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CASE REPORT
Year : 2019  |  Volume : 10  |  Issue : 6  |  Page : 692-694  

Reverse koebner phenomenon in bullous pemphigoid – A case report


Department of Skin and VD, SCB Medical College and Hospital, Cuttack, Odisha, India

Date of Web Publication1-Nov-2019

Correspondence Address:
Siddhartha Dash
Department of Skin and VD, SCB Medical College and Hospital, Cuttack - 753 007, Odisha
India
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Source of Support: None, Conflict of Interest: None


DOI: 10.4103/idoj.IDOJ_512_18

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   Abstract 


Reverse Koebner response is the nonappearance or disappearance of the lesions of particular dermatoses at the site of injury. Herein we report a case of the reverse Koebner phenomenon in bullous pemphigoid in a 35-year-old male patient with sparing of the waist area which could probably be because of the phenomenon of locus majoris resistentiae. The histopathology of the lesion showed subepidermal split with a mixed inflammatory infiltrate, which was composed of predominantly eosinophils, neutrophils, and lymphocytes, but the histopathology of the spared skin showed no abnormalities. However, the direct immunofluorescence from the perilesional area showed linear deposits of immunoglobulin G and C3 in the dermoepidermal junction, but there were no deposits in direct immunofluorescence from the spared skin. This case is being reported for its originality and one of its kind.

Keywords: Bullous pemphigoid, isotraumatopic non-response, reverse Koebner phenomenon


How to cite this article:
Mohapatra L, Samal K, Mohanty P, Dash S. Reverse koebner phenomenon in bullous pemphigoid – A case report. Indian Dermatol Online J 2019;10:692-4

How to cite this URL:
Mohapatra L, Samal K, Mohanty P, Dash S. Reverse koebner phenomenon in bullous pemphigoid – A case report. Indian Dermatol Online J [serial online] 2019 [cited 2019 Nov 12];10:692-4. Available from: http://www.idoj.in/text.asp?2019/10/6/692/261239




   Introduction Top


Heinrich Koebner described the Koebner phenomenon for the first time in psoriasis patients.[1] Since then, it has been reported in various dermatoses. Contrary to the Koebner phenomenon, the reverse Koebner response is the nonappearance or disappearance of the lesions of particular dermatoses at the site of injury. We present to the best of our knowledge the first case of the reverse Koebner phenomenon occurring in a patient with bullous pemphigoid because of pressure.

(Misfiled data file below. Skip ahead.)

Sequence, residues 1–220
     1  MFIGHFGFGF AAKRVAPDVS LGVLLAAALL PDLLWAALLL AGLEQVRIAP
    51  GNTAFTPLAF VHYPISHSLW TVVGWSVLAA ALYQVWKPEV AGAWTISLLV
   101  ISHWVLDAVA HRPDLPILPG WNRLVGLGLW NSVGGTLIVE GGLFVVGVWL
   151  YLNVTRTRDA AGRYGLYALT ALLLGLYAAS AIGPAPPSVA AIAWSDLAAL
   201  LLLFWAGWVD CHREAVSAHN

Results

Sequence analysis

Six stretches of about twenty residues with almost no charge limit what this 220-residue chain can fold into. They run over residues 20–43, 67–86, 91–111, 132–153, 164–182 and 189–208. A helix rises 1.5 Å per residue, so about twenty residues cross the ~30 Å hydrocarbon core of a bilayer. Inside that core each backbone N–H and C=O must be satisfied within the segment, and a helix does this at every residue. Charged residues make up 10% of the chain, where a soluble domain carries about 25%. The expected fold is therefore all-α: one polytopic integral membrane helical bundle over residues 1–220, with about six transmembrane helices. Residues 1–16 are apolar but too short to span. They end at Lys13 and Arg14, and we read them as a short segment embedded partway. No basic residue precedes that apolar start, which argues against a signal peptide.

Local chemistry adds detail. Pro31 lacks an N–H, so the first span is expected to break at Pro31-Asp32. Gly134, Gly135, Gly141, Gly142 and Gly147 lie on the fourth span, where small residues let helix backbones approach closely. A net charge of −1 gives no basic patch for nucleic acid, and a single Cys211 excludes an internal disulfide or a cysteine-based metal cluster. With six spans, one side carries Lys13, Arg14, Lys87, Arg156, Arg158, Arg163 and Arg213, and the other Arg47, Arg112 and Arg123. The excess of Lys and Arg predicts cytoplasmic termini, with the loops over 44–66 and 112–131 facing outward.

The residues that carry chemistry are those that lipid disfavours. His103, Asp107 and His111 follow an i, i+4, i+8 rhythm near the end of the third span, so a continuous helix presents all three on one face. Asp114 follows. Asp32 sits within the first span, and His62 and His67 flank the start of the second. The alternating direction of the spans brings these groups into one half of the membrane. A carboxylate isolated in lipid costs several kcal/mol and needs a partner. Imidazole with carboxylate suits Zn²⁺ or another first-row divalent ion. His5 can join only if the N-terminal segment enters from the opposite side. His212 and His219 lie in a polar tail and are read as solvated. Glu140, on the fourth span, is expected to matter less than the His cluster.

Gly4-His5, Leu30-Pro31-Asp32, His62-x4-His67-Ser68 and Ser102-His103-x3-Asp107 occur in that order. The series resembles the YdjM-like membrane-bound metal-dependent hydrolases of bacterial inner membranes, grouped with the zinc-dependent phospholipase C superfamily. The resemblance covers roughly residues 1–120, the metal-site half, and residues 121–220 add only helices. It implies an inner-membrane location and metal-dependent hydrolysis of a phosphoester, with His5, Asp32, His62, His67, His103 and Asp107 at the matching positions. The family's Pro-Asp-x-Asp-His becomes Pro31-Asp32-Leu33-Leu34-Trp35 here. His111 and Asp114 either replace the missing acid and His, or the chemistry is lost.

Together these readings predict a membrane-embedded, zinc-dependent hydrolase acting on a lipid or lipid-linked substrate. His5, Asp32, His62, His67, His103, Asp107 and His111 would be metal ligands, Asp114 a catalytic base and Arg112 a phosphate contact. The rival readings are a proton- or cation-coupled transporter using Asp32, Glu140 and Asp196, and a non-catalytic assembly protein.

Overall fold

Case Report Top


A 35-year-old male presented with a 6-month history of the appearance of multiple discrete fluid-filled lesions over erythematous skin, of size around 0.1–0.2 cm, which gradually increased to a size of around 1–3 cm. The lesions first appeared over the trunk and gradually over other parts of the body. The lesions used to rupture after 5–6 days leaving behind raw erosions, which were nonspreading in nature. The erosions used to get crusted in the next 4–5 days which fall off leaving behind light-colored skin. There was no history of any drug intake before the appearance of the lesion. On cutaneous examination, few tense bullae of size around 0.5 cm were found to be present in the perineal region [Figure 1]. There were multiple healed hypopigmented lesions with perifollicular hyperpigmentation, with some lesions showing crusting over them. A peculiar finding of the distribution of lesions was that the lesions covered the whole body but spared a band-like area in the hip region both in anterior and posterior aspects [Figure 2]. Oral mucosa was not involved. Remaining systemic examinations were within normal limit. A provisional diagnosis of bullous pemphigoid with the reverse Koebner phenomenon was made with the probable cause of sparing being the tightness of clothing in that particular area. Suspecting the same biopsy was sent for histopathology and direct immunofluorescence from both the lesion and the spared area. The histopathology of the lesion showed subepidermal split with a mixed inflammatory infiltrate, which was composed of predominantly eosinophils, neutrophils, and lymphocytes [Figure 3]a, but the histopathology of the spared skin showed no abnormalities [Figure 3]b. However, the direct immunofluorescence from the perilesional area showed linear deposits of immunoglobulin G and C3 in the dermoepidermal junction [Figure 4], but the direct immunofluorescence from the spared area showed no deposits. Indirect immunofluorescence and salt splitting could not be done because of resource constraints. Rest of the laboratory investigations were within normal limits. As the diagnosis of bullous pemphigoid was confirmed, the patient was started with oral prednisolone and oral dapsone.
Figure 1: “Bullous pemphigoid” – Tense bullae over the perineal area

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Figure 2: “Bullous pemphigoid” – Sparing of a band-like area in the hip region

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Figure 3: (a) “Bullous pemphigoid” – Histopathology showing subepidermal bulla with a mixed inflammatory infiltrate, which was composed of predominantly eosinophils, neutrophils, and lymphocytes (H and E, 40×). (b) “Bullous pemphigoid” histopathology showing no abnormalities in the spared area (H and E, 40×)